CAPHCC Legislative Update by Richard Markuson, Lobbyist


PW Contractor Registration Site On-Line

The State’s website for online registration before bidding on public works contracts in California is live. The application also provides agencies that administer public works programs with a searchable database of qualified contractors.


The Senate Labor Committee approved PHCC opposed AB 1870 by Assembly Member Alejo (D-Salinas) that recasts the allocation of J-man contributions sent to the CAC. The vote was a party line 4-1.

The Assembly Transportation Committee approved SB 1433 by Senator Hill (D-San Mateo) that extends D/B authority for transit projects. Both PHCC and the State Building Trades oppose the bill – PHCC because of union-preference language and the SBCTC because the bill does not (yet) contain workforce language like SB 54.


Labor Law
The Senate Judiciary Committee approved PHCC opposed AB 1522 by San Diego’s Lorena Gonzales that would mandate paid sick pay for virtually ever California employer. It now goes to the Appropriations Committee where the costs to the state (but not private employers) will be tallied.

The Senate Labor Committee passed AB 1723 by Assembly Member Nazarain (D-Sherman Oaks) that authorizes the Labor Commissioner to include “waiting time” penalties in wage citations. PHCC opposes because this expansion of the authority of investigators employed by the Labor Commission places employers at a disadvantage because the establishment of underpayments should remain under the purview of an administrative hearing.

The same committee passed PHCC opposed AB 2416 by Assembly Member Stone (D-Scotts Valley) that allows virtually any employee to file a property lien on the employers real property or property on which the employee furnished labor.

The Assembly Labor Committee refused to pass SB 935 by Senator Leno (D-San Francisco) that would – for the second year in a row – raise California’s minimum wage – this time to $13. Even Democrats thought it was too much – coming on the heels of last years increase.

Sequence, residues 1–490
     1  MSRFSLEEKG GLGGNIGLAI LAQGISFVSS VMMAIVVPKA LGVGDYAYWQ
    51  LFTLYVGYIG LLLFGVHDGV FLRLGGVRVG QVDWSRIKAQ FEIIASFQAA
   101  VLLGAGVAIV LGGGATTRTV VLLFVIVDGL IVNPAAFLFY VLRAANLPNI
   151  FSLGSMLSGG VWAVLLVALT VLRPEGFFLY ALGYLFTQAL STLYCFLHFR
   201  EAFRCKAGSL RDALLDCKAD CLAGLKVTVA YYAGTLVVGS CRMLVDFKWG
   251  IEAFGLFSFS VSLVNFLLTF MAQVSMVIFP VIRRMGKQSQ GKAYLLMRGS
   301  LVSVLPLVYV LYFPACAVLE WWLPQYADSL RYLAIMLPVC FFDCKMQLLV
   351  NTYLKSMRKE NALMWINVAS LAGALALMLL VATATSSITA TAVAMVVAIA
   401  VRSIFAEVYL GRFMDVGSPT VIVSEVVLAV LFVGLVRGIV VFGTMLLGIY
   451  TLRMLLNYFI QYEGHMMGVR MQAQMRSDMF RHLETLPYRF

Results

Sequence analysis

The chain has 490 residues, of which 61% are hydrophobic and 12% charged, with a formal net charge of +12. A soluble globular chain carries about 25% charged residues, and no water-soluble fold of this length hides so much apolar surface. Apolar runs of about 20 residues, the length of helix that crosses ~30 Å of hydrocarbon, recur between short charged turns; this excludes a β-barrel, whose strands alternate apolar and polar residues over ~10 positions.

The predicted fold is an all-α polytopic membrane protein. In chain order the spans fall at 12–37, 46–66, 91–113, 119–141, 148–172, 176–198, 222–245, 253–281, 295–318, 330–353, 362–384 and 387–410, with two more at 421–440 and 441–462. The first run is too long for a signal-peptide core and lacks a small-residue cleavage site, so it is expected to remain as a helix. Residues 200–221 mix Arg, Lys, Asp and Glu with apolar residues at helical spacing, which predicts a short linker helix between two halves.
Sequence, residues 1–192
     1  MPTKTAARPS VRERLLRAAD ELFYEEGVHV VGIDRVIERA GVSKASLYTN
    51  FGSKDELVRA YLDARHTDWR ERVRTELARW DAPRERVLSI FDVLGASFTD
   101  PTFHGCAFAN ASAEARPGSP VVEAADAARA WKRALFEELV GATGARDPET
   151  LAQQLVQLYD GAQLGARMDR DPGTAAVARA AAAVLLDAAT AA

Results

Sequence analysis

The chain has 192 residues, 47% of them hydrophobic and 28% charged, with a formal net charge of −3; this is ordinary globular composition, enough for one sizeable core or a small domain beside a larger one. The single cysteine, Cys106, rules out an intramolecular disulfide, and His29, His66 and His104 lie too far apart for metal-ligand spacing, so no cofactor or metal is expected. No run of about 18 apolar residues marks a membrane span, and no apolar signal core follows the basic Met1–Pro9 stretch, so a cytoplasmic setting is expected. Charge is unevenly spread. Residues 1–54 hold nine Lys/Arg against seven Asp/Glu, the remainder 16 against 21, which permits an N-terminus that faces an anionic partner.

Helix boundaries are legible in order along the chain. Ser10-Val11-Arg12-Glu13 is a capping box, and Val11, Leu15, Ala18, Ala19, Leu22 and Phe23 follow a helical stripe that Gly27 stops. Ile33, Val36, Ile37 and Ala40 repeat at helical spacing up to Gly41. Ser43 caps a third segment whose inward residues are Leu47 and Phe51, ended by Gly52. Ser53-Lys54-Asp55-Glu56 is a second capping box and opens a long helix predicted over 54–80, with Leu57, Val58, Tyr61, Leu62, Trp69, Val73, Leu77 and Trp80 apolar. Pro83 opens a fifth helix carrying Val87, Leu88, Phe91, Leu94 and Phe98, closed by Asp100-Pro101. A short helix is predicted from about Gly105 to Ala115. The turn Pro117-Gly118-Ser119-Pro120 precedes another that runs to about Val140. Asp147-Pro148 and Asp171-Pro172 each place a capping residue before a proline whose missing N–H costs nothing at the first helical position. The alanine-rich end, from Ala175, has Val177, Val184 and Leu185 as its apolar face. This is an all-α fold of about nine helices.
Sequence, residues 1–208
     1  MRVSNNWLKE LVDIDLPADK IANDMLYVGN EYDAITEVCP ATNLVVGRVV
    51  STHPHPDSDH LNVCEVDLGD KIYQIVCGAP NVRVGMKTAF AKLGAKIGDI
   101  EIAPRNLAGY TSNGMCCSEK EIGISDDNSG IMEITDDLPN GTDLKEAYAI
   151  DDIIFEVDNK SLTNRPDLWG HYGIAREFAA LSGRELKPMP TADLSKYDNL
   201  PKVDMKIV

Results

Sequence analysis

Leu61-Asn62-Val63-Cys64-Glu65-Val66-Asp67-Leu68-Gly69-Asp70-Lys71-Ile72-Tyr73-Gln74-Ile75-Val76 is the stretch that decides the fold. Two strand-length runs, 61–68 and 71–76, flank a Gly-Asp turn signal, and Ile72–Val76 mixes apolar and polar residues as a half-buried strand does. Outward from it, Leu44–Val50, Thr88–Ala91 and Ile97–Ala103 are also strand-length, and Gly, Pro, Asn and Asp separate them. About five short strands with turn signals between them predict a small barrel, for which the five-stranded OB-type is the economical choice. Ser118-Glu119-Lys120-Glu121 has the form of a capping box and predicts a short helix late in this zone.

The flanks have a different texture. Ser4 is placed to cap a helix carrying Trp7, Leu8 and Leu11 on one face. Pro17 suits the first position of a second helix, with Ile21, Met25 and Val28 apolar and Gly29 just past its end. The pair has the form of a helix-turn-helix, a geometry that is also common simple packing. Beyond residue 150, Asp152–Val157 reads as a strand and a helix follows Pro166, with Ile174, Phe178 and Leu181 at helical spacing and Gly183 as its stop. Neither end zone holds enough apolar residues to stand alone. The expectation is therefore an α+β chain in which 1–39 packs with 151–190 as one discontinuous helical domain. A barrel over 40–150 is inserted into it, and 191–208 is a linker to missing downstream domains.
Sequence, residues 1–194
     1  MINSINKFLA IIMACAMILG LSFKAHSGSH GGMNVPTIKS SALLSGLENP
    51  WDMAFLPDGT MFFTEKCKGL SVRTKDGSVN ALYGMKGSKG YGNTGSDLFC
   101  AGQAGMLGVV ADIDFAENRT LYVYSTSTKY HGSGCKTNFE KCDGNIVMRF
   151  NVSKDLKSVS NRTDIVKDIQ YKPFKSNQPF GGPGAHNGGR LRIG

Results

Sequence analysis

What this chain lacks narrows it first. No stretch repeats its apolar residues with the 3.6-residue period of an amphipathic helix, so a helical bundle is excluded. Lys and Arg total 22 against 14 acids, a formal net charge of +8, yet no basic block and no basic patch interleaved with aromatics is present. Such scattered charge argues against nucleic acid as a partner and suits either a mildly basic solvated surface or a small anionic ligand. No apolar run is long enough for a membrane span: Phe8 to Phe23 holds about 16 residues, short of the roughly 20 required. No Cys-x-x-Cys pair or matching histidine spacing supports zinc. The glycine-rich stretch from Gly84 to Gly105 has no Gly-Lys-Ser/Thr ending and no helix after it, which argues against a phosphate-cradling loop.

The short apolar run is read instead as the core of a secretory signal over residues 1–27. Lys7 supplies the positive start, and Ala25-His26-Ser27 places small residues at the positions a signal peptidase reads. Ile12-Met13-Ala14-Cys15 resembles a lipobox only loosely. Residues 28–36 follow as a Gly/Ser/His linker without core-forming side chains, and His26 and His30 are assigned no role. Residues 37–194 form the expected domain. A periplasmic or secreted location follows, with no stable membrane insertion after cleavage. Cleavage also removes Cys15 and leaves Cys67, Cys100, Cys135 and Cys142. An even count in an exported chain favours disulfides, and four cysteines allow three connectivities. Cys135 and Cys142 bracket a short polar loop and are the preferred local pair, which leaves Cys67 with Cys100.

Public Works
Awaiting final passage is PHCC supported AB 1939 by Assembly Member Tom Daly (D-Anaheim) that would allow a contractor to recover its higher costs if a private job is determined to be a public works job.

Also waiting is PHCC supported AB 1705 by Assembly Member Williams (D-Santa Barbara) that narrows the ability of public agencies to retain progress payments.

Good news! With 1-3 vote (with 5 abstentions) PHCC opposed SB 1021 by Senator Wolk (D-Davis), a de facto split-roll parcel tax bill, failed passage in the Assembly Revenue and Taxation Committee.

Tort Reform
Civil Justice Association of California-sponsored AB 2494 by Assembly Member Cooley(D-Rancho Cordova) passed out of the Senate Judiciary Committee and now moves to the Senate Appropriations Committee. This bill would allow judges to sanction lawyers for costly and unnecessary legal tactics aimed to harass or delay. California is ranked as having one of the worst legal climates in the nation, and this bill would be a small step in improving our reputation.

Also, this week a large coalition was able to defeat SB 1188 By Senator Jackson(D-Santa Barbara). This bill would have subsumed existing warranty law by significantly expanding tort liability against manufacturers and retailers. It would have encouraged class action lawsuits by allowing plaintiffs to sue long after a product’s warranty expires for any latent defect by claiming they would not have bought the product “if they had known” about whatever the claimed problem was. This bill would have encouraged lawsuits on every product imaginable including, food, clothing, or any product years later. It was a priority bill for the Consumer Attorneys of California (CAOC) this year.

Labor Law Update
The US Supreme Court unanimously held in NLRB v. Noel Canning that President Obama’s January 2012 recess appointments to the National Labor Relations Board (NLRB) during a pro-forma session of the U.S. Senate were unconstitutional.  As a result of the President’s unlawful actions, hundreds of reported and unreported NLRB decisions issued between January 2012 and August 2013 are potentially invalid.

The Coalition for a Democratic Workplace (CDW) was engaged in this issue from the beginning and shortly after the President made the unlawful recess appointments, it began working with Jones Day to identify possible cases where it could intervene and support a challenge to the appointments. CDW supported Noel Canning and its counsel, including the US Chamber’s Litigation Center and Jones Day, as they litigated the case before the Supreme Court and filed amicus brief on behalf of CDW and its over 600 association, business and other members.

In the wake of the decision, NLRB Chair Mark Gaston Pearce issued the following statement:

“The Supreme Court has today decided the Noel Canning case. We are analyzing the impact that the Court’s decision has on Board cases in which the January 2012 recess appointees participated. Today, the National Labor Relations Board has a full contingent of five Senate-confirmed members who are prepared to fulfill our responsibility to enforce the National Labor Relations Act. The Agency is committed to resolving any cases affected by today’s decision as expeditiously as possible.”

In other words – the full NLRB will take up all the cases affected by the Court’s ruling and pass them again.